## Monday, April 23, 2018

### (R) Spearman’s Rank Correlation and Kendall Rank Correlation

In previous articles, the topics of ranking, correlation, and non-parametric data were discussed. Spearman’s Rank Correlation, and Kendall Rank Correlation, combine all of these methodologies into singular concepts. In this entry we will be discussing how these correlations are utilized within the R platform, and the appropriate circumstances which warrant their utilization.

Spearman’s Rank Correlation Coefficient

Spearman’s Rank Correlation Coefficient, also referred to as Spearman’s rho, is a non-parametric alternative to the Pearson correlation. The Spearman alternative is utilized in circumstances when either data samples are non-linear*, or the data type contained within those samples are ordinal**. The output variable that this method produces is known as “rho”. Hence the alternative name which this method is referred to as (“Spearman’s Rho).

As is case with non-parametric alternatives, the particular design of this procedure utilizes a rank system.

Example:

We are presented with the following data vectors from two survey prompts:

# Create data vector (scale 1-5) #

x <- c(5, 1, 1, 1, 3, 2, 5, 3, 3, 2, 4, 4, 4, 2, 5, 4, 4, 4, 4, 2)

# Create data vector (scale 1-5) #

y <- c(4,5, 4, 3, 1, 1, 5, 4, 5, 4, 3, 4, 3, 4, 5, 5, 3, 3, 5, 4)

# Create Spearman’s Rank Correlation #

cor.test(x, y, method=c("spearman"))

This produces the output:

Spearman's rank correlation rho

data: x and y
S = 1072.1, p-value = 0.4126
alternative hypothesis: true rho is not equal to 0
sample estimates:
rho
0.1939455

From this output, we can first determine that the model strength is not the best, as the p-value = 0.4126, a value which is far above the common alpha level of .05. Next, we will assess the rho value output, which is 0.192955. This value is measured on a scale similar to the Pearson’s correlation. Since this value is relatively low, we will assume a weak positive correlation.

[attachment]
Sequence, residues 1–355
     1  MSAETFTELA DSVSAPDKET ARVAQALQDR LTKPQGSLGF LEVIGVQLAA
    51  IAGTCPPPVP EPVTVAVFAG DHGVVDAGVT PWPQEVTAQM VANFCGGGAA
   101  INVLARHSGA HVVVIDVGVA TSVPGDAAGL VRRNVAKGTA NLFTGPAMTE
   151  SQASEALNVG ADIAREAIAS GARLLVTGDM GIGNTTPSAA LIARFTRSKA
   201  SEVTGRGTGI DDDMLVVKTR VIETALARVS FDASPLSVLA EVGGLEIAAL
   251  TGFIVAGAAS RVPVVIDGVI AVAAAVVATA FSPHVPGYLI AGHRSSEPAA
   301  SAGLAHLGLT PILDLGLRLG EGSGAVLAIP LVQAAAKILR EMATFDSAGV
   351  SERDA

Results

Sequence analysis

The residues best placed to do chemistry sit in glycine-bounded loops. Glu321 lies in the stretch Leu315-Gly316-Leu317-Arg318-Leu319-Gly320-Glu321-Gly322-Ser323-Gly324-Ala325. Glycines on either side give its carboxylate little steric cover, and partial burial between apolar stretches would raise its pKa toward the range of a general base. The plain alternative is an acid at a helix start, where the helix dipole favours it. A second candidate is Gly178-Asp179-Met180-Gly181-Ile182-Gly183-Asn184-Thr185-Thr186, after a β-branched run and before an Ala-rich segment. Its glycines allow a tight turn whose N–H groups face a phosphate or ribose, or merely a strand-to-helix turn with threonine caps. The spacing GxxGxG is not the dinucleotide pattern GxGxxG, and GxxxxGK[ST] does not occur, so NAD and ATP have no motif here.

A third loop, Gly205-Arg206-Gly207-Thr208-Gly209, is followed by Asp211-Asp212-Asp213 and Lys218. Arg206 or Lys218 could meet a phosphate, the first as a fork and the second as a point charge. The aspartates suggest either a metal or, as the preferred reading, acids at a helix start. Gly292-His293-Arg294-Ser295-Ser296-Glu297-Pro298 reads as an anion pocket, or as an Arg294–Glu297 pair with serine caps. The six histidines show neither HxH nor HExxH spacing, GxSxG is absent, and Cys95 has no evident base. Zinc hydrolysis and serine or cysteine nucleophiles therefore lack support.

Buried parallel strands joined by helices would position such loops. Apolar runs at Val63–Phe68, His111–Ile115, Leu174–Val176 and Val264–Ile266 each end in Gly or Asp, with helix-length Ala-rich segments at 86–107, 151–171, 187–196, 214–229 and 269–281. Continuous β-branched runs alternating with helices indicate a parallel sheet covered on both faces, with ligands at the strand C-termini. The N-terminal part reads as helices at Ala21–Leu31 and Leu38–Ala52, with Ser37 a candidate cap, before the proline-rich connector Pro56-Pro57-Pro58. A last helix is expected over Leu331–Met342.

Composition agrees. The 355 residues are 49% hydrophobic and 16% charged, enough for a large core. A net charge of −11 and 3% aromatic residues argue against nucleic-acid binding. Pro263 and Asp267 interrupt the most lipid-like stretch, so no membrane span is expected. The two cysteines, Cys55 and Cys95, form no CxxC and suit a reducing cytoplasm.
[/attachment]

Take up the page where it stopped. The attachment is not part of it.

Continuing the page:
*- For an example as to what non-linear data might resemble, please refer to the article “(R) Polynomial Regression”, published April 17, 2018.

**- For example, survey response data which asked the respondent to rank a particular item on a scale of 1-10.

Kendall Rank Correlation Coefficient

The Kendall Rank Correlation Coefficient, also referred to as Kendall’s Tau, is also a non-parametric alternative to the Pearson correlation. Like Spearman’s rho, Kendall’s Tau is also utilized in circumstances when either data samples are non-linear, or the data type contained within those samples are ordinal. The output variable that this method produces is known as “rho”. As is case with non-parametric alternatives, the particular design of this procedure utilizes a rank system.

Example:

We are presented with the following data vectors from two survey prompts:

# Create data vector (scale 1-5) #

x <- c(5, 1, 1, 1, 3, 2, 5, 3, 3, 2, 4, 4, 4, 2, 5, 4, 4, 4, 4, 2)

# Create data vector (scale 1-5) #

y <- c(4,5, 4, 3, 1, 1, 5, 4, 5, 4, 3, 4, 3, 4, 5, 5, 3, 3, 5, 4)

# Create Kendall Rank Correlation #

cor.test(x, y, method=c("kendall"))

This produces the output:
Kendall's rank correlation tau

data: x and y
z = 0.84528, p-value = 0.398
alternative hypothesis: true tau is not equal to 0
sample estimates:
tau
0.1617271

From this output, we can first determine that the model strength is not the best, as the p-value = 0.398, a value which is far above the common alpha level of .05. Next, we will assess the rho value output, which is 0.1617271. This value is measured on a scale similar to the Pearson’s correlation. Since this value is relatively low, we will assume a weak positive correlation.

Conclusion:

While both methods provide similar functionality, the Spearman’s Rank Correlation is utilized far more frequently than the Kendall Rank Correlation. I typically utilize both methodologies, compare the results of each, and then report my findings in a subsequent research composition.

I hope that you have found this article to be informative and interesting. Until next time, stay inquisitive, Data Heads!